Everyone knows Auntjuan as “Mr. Community”—and for good reason. He is an energetic, compassionate voice for HIV-positive Texans. He hosts a motivational Internet radio show, In the Community. He also founded The Group, a support network for HIV-positive African-American men who have sex with men (MSM), and he launched the annual AIDS Walk South Dallas, which raises funds for AIDS service organizations and community-based groups. His advocacy has included work with the Dallas Syphilis Elimination Coalition, the Ryan White Planning Council, and the Angel Tree Ministry (for children whose parents are incarcerated). He’s also an ordained elder at Cosmopolitan Congregation of Dallas. Whenever events like National Black HIV/AIDS Awareness Day take place, Mr. Community always lends his voice to the cause.
52, Charlotte, NC
Mecklenburg County is the epicenter of HIV/AIDS cases in North Carolina. Luckily, residents have Jeffery battling on their behalf. As the supervisor of the county health department’s HIV/STD Community Testing and Outreach Program, and as a board chair of the North Carolina AIDS Action Network, he specializes in public education, HIV/STI testing, community-building and policy advocacy. Serving as an important bridge between elected officials, public health leaders, people with HIV and the general population, Jeffery has worked with and served on the board of the Charlotte Lesbian and Gay Community Center, and he’s an elder at the Holy Covenant United Church of Christ.
57, Rochester, NY
Ernest excels at helping others learn how to help themselves. As a peer mentor at Cicatelli Associates’ People Living with HIV/AIDS Leadership Training Institute, he teaches people how to actively participate in their health care. And as a peer educator at Rochester’s Anthony Jordan Health Center, he’s helping the underserved and uninsured attain better health outcomes. He volunteers at the Rochester Area Taskforce on AIDS and has worked on the Action for a Better Community’s Criminal Justice Initiative. More than a personal friend and mentor to many, Ernest is also a public face of the epidemic: He’s a spokesperson for New York State’s “HIV Stops With Me” campaign.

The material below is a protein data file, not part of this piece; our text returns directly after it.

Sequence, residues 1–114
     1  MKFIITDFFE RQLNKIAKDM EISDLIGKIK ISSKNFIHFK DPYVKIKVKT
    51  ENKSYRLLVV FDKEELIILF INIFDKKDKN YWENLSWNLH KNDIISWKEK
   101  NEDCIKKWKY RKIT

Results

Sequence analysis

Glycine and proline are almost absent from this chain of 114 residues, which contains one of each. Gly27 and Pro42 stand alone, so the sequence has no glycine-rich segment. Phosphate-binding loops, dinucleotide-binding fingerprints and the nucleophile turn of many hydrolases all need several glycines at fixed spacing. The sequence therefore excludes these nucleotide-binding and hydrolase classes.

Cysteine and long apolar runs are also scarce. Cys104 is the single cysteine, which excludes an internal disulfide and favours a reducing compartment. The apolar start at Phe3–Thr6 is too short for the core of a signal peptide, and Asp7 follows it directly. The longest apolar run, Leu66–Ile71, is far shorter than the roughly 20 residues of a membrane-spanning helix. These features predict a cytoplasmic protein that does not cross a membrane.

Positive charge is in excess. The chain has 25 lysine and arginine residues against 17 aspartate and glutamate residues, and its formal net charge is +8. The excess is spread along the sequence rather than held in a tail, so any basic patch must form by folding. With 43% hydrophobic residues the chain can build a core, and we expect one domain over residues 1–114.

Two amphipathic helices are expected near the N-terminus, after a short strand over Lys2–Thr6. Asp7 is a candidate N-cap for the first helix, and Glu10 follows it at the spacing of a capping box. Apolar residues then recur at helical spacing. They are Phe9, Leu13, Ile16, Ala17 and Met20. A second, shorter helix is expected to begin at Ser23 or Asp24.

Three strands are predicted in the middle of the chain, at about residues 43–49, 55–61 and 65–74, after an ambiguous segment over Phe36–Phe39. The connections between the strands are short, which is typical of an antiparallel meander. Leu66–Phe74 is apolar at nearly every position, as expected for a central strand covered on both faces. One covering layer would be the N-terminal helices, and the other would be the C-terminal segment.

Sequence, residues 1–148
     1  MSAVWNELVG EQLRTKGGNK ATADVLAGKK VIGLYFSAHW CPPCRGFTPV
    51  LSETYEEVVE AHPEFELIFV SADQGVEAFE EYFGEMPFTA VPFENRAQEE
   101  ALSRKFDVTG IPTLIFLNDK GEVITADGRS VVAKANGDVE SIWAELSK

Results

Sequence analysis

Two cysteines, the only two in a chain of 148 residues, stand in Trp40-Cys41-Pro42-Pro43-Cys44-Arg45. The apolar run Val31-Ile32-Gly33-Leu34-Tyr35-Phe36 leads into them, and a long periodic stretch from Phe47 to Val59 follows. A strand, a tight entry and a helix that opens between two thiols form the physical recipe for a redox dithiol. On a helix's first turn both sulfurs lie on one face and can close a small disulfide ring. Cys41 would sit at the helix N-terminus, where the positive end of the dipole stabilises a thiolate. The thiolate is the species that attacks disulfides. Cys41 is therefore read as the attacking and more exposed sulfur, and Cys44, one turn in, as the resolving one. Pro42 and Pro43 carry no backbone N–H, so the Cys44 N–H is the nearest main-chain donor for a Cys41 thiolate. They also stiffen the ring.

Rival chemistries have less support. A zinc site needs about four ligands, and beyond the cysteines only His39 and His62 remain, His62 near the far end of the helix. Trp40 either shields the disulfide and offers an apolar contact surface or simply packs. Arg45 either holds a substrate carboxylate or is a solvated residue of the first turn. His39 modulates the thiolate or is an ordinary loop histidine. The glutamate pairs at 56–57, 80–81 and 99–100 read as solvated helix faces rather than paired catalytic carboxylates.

52, Sacramento, Ca
She’s the education, testing and outreach coordinator at First Step Wellness Center, but Acintia’s HIV advocacy extends throughout California (the state legislature recognized her for community involvement) and all the way to Ethiopia (where she helped set up the CDC’s HIV prevention program Sister to Sister). Back home, she’s an ally with Positive Women’s Network–USA, she co-founded the Woman 2 Woman support group for African-American women, she’s the previous chair of the Faith-Based Action Coalition, and she’s a ministry leader at Chosen Few Ministry. Oh, and one other thing: She’s the very proud mother of four college graduates.
57, St. Louis, MO
For decades, Mark has been showing folks in the Show Me State that HIV is not a death sentence. His life is bursting with HIV-related activities and projects in Missouri and beyond. He has led or co-facilitated support groups in Washington, DC, and St. Louis. This includes the 10-session Life Program, developed by the Shanti Project to help strengthen and protect the body’s immune system. By sharing his own story, he fights stigma and keeps the epidemic’s history alive. An ACT UP New York veteran who helped co-found the DC chapter in 1990, Mark remains interested in social justice issues. Drawing on his AIDS activism experience, he recently took to the streets of St. Louis to stage a “die in” for the Black Lives Matter movement.
Click on the links below for the POZ 100 list.